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Lefevre v. County of Albany

United States District Court, N.D. New York

April 13, 2015

SUDANE LEFEVRE, Plaintiff,
v.
COUNTY OF ALBANY, et al., Defendants.

PETER P. LODUCA, ESQ. Levidow, Levidow & Oberman, New York, NY, for the Plaintiff.

PATRICK J. COLLINS, ESQ., Albany County Attorney's Office, Albany, NY, for the Defendants.

MEMORANDUM-DECISION AND ORDER

GARY L. SHARPE, Chief District Judge.

I. Introduction

Plaintiff Sudane Lefevre commenced this action against defendants County of Albany and County of Albany District Attorneys Office, asserting claims pursuant to 42 U.S.C. § 1983 based upon violations of his Fourth and Fourteenth Amendment rights, as well as claims pursuant to New York state law, for malicious prosecution and false arrest. ( See generally Compl., Dkt. No. 1.) Pending is defendants' motion to dismiss the complaint in its entirety for failure to state a claim. (Dkt. No. 10.) For the reasons that follow, the motion is granted.

II. Background[1]

On July 9, 2011, Lefevre made a 911 call seeking help for another individual who had overdosed on drugs. (Compl. ¶ 16.) When members of the Colonie Police Department responded to the call, Lefevre was arrested and charged with possession of drugs and loitering, pursuant to N.Y. Penal Law §§ 220.09, 220.60, and 240.36. (Id. ¶¶ 16-17.) Lefevre was released on bail pending indictment by a grand jury. (Id. ¶ 18.) After Lefevre's arrest, but before the indictment was handed down, the New York State legislature, on July 20, 2011, passed a "Good Samaritan Law, " which was to become effective on September 18, 2011. (Id. ¶ 19); see N.Y. Penal Law § 220.78. This law states that, with certain limited exceptions, "[a] person who, in good faith, seeks health care for someone who is experiencing a drug or alcohol overdose or other life threatening medical emergency shall not be charged or prosecuted for a controlled substance offense under article two hundred twenty" of the Penal Law. N.Y. Penal Law § 220.78(1).

On October 28, 2011, Lefevre was indicted by a grand jury for drug possession and loitering. (Compl. ¶ 20.) It appears that Lefevre ultimately pleaded guilty to a criminal offense, though it is not clear as alleged to which charge he pleaded guilty. (Id. ¶ 39.) On May 9, 2012, he was sentenced to three and one-half years in prison for a drug possession-related offense. (Id. ¶ 28.) While incarcerated, he "made a motion to be released, " in which he argued that the Good Samaritan Law precluded him from being charged or prosecuted for any offense. (Id. ¶ 29.) Lefevre alleges that defendants testified falsely and withheld information from the judge in his criminal case by not disclosing that the Good Samaritan Law applied to the facts of his case. (Id. ¶ 22.) On February 20, 2013, all charges were dismissed after Lefevre had been incarcerated for approximately one year. (Id. ¶ 23.)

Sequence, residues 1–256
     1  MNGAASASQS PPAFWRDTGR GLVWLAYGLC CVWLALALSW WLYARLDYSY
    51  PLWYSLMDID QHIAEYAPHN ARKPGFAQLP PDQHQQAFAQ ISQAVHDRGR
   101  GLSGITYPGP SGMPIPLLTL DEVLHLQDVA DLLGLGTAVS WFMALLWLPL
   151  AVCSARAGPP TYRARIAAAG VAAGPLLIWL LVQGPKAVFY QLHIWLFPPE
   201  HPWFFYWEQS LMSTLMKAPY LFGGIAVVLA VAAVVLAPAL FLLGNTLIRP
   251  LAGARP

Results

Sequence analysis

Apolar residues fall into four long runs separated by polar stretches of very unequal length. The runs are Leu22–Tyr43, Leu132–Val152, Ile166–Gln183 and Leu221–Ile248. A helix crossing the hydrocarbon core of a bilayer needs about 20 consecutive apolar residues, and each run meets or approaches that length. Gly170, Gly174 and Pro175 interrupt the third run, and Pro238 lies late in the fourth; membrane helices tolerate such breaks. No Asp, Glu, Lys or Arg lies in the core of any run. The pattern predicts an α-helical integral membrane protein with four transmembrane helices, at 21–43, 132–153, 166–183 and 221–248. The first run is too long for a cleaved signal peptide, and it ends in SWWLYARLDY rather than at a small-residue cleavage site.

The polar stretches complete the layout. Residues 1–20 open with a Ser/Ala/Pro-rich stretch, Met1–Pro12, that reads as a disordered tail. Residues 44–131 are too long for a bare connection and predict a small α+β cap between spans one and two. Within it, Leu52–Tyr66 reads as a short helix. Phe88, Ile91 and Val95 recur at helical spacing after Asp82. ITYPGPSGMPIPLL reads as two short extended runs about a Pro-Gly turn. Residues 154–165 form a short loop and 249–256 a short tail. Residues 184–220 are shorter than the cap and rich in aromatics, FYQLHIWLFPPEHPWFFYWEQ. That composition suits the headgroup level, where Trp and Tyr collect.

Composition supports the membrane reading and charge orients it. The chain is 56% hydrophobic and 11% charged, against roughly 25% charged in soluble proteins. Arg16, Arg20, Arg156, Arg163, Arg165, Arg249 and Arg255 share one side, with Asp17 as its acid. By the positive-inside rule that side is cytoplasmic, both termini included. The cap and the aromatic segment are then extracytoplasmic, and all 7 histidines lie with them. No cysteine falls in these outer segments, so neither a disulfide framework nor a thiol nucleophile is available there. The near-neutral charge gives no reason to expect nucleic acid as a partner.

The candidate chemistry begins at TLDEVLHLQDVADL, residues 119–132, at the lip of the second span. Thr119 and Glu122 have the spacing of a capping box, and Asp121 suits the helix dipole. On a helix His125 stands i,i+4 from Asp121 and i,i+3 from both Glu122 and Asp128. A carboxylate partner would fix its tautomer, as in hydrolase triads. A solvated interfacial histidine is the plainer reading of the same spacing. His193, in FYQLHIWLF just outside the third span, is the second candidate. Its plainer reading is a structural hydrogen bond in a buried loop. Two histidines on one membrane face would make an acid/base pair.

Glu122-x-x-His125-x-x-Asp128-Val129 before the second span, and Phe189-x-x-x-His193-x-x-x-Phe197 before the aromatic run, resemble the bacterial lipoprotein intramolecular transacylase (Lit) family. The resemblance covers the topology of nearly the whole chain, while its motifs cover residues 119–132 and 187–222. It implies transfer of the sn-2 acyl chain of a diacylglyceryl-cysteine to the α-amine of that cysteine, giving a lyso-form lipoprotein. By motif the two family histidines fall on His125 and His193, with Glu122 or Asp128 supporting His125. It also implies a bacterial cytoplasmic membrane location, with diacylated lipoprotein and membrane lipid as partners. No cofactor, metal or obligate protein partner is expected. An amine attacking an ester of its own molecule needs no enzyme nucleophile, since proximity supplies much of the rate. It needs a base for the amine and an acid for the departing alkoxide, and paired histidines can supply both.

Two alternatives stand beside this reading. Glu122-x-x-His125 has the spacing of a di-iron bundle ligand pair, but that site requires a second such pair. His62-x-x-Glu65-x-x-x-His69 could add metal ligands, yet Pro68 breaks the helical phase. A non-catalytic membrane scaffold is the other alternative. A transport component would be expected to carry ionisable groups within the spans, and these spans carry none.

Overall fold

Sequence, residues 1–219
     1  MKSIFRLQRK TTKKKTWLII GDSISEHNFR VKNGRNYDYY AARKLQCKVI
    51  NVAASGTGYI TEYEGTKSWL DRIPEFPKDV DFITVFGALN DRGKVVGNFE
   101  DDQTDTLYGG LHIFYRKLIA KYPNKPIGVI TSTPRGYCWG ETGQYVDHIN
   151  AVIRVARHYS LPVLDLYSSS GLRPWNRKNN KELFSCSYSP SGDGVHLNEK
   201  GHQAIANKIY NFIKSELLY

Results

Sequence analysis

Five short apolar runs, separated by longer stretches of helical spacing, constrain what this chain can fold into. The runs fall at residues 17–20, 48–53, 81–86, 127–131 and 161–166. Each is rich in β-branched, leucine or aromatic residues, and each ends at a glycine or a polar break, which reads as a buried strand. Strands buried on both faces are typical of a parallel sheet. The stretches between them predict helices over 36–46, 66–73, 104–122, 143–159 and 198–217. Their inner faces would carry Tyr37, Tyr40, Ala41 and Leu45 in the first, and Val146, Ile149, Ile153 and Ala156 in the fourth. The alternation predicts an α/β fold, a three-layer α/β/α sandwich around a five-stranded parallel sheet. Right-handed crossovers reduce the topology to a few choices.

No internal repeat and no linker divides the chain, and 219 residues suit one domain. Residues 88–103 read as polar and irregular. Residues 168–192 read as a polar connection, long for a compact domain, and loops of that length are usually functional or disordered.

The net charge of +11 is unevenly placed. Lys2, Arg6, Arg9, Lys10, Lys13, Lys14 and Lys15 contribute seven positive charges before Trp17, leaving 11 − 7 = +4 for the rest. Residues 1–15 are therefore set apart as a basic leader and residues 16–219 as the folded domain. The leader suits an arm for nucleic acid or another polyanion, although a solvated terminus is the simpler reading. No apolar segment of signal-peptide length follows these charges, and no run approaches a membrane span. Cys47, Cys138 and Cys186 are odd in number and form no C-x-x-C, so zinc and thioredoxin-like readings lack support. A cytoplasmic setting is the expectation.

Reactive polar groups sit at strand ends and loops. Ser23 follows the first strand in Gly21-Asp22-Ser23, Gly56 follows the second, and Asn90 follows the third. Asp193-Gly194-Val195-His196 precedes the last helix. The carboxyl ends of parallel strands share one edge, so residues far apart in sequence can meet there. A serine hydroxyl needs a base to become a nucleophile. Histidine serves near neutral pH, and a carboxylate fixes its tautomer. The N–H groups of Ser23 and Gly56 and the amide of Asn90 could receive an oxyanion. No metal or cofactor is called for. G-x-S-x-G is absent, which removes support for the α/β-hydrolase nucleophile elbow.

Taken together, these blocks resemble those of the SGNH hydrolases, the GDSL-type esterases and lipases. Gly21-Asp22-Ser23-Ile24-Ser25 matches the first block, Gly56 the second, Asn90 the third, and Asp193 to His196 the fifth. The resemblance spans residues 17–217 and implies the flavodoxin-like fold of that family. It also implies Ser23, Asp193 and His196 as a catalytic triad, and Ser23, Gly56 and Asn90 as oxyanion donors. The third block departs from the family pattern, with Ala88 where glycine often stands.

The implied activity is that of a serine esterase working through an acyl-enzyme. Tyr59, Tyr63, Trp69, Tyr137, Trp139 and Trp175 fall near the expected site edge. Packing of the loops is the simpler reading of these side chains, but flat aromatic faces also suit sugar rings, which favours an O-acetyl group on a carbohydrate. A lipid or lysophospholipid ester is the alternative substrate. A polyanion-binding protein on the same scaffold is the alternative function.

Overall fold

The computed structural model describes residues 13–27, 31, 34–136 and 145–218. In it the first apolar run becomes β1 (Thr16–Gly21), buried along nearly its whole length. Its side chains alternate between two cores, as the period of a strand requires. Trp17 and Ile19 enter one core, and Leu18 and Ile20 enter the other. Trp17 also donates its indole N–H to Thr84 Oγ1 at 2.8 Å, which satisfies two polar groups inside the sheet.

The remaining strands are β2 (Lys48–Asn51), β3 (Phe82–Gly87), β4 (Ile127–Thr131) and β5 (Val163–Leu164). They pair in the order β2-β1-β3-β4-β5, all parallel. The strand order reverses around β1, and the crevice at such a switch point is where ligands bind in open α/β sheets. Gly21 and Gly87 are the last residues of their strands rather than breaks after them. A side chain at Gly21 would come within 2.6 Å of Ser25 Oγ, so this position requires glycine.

Lefevre commenced this action in February 2014, alleging that he was falsely prosecuted and imprisoned, in that he was charged with drug possession even though defendants knew such charges were false. (Id. ¶¶ 24, 37.) He asserts causes of action pursuant to 42 U.S.C. § 1983 for violations of his Fourth Amendment right to be free from illegal search and seizure, his Sixth Amendment right to be informed of the charges against him, and his Fourteenth Amendment due process and equal protection rights.[2] (Id. ¶¶ 34-46.) He also asserts claims of malicious prosecution, false arrest, and negligence pursuant to New York common law.[3] (Id. ¶¶ 15-26, 27-33, 47-51.)

III. Standard of Review

The standard of review under Fed.R.Civ.P. 12(b)(6) is well settled and will not be repeated here. For a full discussion of the standard, the court refers the parties to its prior decision in Ellis v. Cohen & Slamowitz, LLP, 701 F.Supp.2d 215, 218 (N.D.N.Y. 2010).

IV. Discussion

Although not a model of clarity, the theory pleaded in Lefevre's complaint as to his section 1983 cause(s) of action appears to be that he should not have been prosecuted for drug possession, presumably because of the passage of the Good Samaritan Law, and, as a result, he was improperly incarcerated on such a charge. ( See generally Compl.) He has asserted analogous claims for malicious prosecution and false imprisonment under state law. (Id. ) In their motion, defendants have offered several arguments in favor of dismissing the complaint. Defendants first argue that the District Attorney's Office is absolutely immune from liability for malicious prosecution, under both section 1983 and state law, for its decision to initiate and pursue a prosecution against Lefevre. (Dkt. No. 10, Attach. 1 at 5-7.) Defendants further argue that there is no basis to hold the County of Albany liable, given the absolute immunity enjoyed by the District Attorney's Office, ( id. at 7-8), and because Lefevre has not alleged any facts to support the imposition of municipal liability on the County, ( id. at 8-12). In response, Lefevre generically argues that decisions of a municipal policymaker can subject a municipality to liability, (Dkt. No. 14 at 5-7), and that he has adequately pleaded defendants' "failure to adequately train and supervise their municipal employees, " such that the County could be held liable, ( id. at 7-8). For the following reasons, defendants' motion is granted, and Lefevre's complaint is dismissed.